Pittsburgh Steelers fifth-year defensive end Cameron Heyward is expected to be fined for the second week in a row for his decision to write on his eye black the words “Iron” and “Head”, which constitute the pseudonym of his popular professional athlete father, Craig “Ironhead” Heyward”, who lost his battle with brain cancer in 2006, before the younger Heyward was even at Ohio State.
He is also expected to have his appeal heard today, during which he will make an argument that I previously alluded to last week on Twitter: that former Bengals defensive tackle Devon Still was never fined for writing the words “Leah Strong” on his own eye black.
Curious, would the NFL fine Devon Still for this? https://t.co/gg6bHXMiyK
— Matthew Marczi (@mmarczi) October 14, 2015
According to ESPN’s Jeremy Fowler, Heyward actually consulted Still on the matter, though this report does not elaborate on the specifics of that consultation. As Heyward noted after the first fine, however, Week Five was not the first time that he wore the message, even this season, on his eye black.
The most disturbing aspect of this story is the fact that the league tamped down on this matter during October, which is Breast Cancer Awareness Month, a campaign to which they are fully committed, promoting players donning aspects of their attire colored pink in unity with breast cancer survivors, their left ones, and those not so fortunate.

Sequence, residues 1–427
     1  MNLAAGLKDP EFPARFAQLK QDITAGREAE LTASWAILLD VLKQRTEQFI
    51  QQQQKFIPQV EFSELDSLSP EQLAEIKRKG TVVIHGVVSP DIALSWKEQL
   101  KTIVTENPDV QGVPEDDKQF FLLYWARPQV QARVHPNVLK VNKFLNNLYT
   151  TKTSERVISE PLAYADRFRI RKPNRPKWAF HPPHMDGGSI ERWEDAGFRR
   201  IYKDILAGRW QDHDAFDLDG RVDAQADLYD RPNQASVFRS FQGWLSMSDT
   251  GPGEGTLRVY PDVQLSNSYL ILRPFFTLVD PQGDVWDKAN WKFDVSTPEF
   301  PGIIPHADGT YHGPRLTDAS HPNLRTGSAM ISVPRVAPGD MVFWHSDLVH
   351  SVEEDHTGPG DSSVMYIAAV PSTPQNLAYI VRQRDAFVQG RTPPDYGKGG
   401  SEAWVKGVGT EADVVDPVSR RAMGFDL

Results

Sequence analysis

Among those is the mother of Steelers running back DeAngelo Williams, who lost a prolonged battle with breast cancer last year. The league has also denied Williams’ request to wear pink for the duration of the season in honor of his mother, not just in October.
The 32-year-old was certainly not surprised by the decision, to be sure. He has dyed the tips of his dreadlocks pink as a small token of his support for those affected by breast cancer, and as a tribute to his mother, which is one thing that the league cannot touch.
Heyward’s message for Ironhead, his father, likewise, was not just a singular tribute to one individual, but rather a symbol of support and a hope for the promotion of awareness, which is something that the former first-round draft selection spoke about over the course of the past week.
It is easy, and perhaps accurate, to be cynical on this topic, in a number of facets. While Heyward may have violated the letter of the law, I would not say that he violated the spirit of the law—and if he had, then that says something rather negative about that law.
Unfortunately for Heyward, the death of his father nearly a decade ago after a battle with brain cancer is not nearly as marketable as the ongoing struggle of a little go suffering from neuroblastoma. I do not expect him to receive a favorable outcome from the league office, but I fully support him if he chooses to continue to bear the name of Ironhead under his eyes to raise awareness.